My Kingdom . . .
the African sky, so wide and so close.
I can almost touch the sharp edges of the stars.
I can tame the wild dogs with my song.
I can make the tall grass sway when I dance.
I can make the wind play hide-and-seek.
But I cannot make the water come closer.
I cannot make the water run clearer.
No matter what I command.
from The Water Princess
written by Susan Verde
illustrated by Peter H. Reynolds
G. P. Putnam’s Sons, 2016
I turn on the tap and water comes out. Every time. Hot and cold. I shower, water my plants, give some to my cats, wash my dishes and clothes, make coffee, brush my teeth, steam my vegetables—whenever I want to.
Last week I was lucky enough to hear Sivan Ya’ari, founder and CEO of Innovation: Africa, tell about her work. Life is full of serendipity. Or like some say, surprising co-incidence. That’s how Sivan explains it, anyway.
When she was looking for her first job, someone suggested talking “to that man over there.” He was looking for someone to work for him, but he told Sivan her English was not good enough. She asked about French, because she lived in France for most of her growing-up years. She had come back to Israel, where she was born, to volunteer in the Army.
She was talking to the owner of Jordache jeans and French turned out to be just fine. He sent her to Madagascar to oversee quality control for jeans being shipped to the United States.
That’s how Sivan got to Africa and found poverty. African poverty. The people, children especially, were in poor health. They had no shoes, no food, no medicine. Sivan investigated. She quickly found out that there was no electricity in the small, remote villages. No refrigeration to keep medicine fresh.
Solar energy was being developed in Israel as soon as the country was born. Harnessing the energy of the sun seemed a practical solution to the tension surrounding oil in that part of the world. By 1953, the five-year-old country was producing solar water heaters. By the early 1990s, 90% of homes were using them, saving millions of barrels of oil every year. And the solar panels Israel is producing now are efficient and affordable.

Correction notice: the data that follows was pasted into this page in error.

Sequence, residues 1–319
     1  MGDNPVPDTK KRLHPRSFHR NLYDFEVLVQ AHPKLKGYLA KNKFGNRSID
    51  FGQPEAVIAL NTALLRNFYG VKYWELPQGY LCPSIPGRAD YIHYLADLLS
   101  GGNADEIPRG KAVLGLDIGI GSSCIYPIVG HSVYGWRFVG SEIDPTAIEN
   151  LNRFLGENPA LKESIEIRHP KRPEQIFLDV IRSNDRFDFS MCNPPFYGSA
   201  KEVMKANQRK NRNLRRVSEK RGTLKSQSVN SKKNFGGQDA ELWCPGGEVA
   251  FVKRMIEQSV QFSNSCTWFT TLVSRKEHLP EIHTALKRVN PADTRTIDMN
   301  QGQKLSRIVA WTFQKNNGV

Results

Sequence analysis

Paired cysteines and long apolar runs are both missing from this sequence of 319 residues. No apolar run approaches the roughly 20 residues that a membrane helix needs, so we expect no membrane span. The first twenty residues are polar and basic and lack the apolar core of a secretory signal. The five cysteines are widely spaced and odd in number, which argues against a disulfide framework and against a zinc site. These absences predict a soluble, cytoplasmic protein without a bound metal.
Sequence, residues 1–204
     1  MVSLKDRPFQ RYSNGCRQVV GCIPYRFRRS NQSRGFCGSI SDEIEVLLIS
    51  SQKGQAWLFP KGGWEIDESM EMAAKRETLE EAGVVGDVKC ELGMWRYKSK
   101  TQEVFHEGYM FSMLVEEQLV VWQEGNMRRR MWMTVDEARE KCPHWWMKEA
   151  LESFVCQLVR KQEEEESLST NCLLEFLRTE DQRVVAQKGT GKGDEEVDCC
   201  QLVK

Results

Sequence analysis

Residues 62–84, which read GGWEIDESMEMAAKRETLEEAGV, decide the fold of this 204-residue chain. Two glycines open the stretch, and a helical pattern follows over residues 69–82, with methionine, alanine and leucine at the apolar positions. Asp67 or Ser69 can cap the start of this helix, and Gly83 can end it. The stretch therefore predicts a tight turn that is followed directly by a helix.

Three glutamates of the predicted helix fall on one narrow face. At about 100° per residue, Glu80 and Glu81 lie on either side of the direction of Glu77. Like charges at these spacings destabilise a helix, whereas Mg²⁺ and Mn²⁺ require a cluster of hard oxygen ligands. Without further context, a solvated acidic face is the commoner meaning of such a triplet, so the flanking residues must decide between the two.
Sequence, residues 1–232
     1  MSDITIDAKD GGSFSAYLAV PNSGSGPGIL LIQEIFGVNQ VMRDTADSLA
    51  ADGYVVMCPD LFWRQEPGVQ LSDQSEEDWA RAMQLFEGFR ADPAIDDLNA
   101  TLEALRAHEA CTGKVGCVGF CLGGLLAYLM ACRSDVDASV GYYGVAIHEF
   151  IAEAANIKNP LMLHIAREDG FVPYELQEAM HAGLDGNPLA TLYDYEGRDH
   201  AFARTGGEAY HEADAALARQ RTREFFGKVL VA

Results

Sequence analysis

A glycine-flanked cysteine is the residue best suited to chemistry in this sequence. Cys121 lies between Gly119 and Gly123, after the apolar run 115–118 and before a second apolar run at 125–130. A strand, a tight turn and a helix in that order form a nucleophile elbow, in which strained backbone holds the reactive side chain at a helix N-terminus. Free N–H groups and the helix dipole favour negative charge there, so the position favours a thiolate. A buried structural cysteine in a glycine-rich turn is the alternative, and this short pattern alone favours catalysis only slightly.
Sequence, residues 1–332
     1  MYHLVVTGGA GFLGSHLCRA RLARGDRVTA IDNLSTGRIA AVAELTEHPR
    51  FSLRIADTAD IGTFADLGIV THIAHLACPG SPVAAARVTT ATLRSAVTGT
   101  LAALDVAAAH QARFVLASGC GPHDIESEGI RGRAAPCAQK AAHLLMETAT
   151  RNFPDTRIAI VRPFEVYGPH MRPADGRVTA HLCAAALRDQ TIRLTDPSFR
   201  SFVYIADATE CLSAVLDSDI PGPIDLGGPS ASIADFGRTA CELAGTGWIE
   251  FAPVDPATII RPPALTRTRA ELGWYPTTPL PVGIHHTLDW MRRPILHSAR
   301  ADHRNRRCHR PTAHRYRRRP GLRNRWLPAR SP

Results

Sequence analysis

Sivan asked why the children were not going to school. The nurse at the medical center told her they were too weak. They were sick. Medicine was not available.
So Sivan went home, raised a little money for a solar panel and installed it on the medical center for lights and refrigeration. Now medicine was available. But still, the children were not in school. They had to spend too much time looking for water. And the water they found was not clean, or plentiful. Since Sivan made electricity available, she wanted to build a pump house, powered with a couple more solar panels, to bring up the water lying under the feet of every thirsty African person.
It is extraordinary to see people discover running water for the first time.
Sivan’s non-profit works with the governments of many African countries to discover which villages need the most help. That is where Innovation: Africa goes.
Local people do the building and the work to keep the water and electricity flowing, everything from maintaining the building and the grid to changing the lightbulbs. And the children go to school.
Israeli technology provides drip irrigation to grow more crops with less water.
People in the villages are healthier, more educated, and financially independent. Sivan says she has learned three things.
Sometimes good is not good enough.
It doesn’t take much to help people. Only recognizing a problem
and looking for a solution.
The cause of a problem can be its solution. In remote villages in
Africa, the sun is now working for the people instead
of causing drought.
You can find more information about Innovation: Africa and Sivan’s TEDx talk here: https://www.innoafrica.org/team.html
-—stay curious! (and grateful)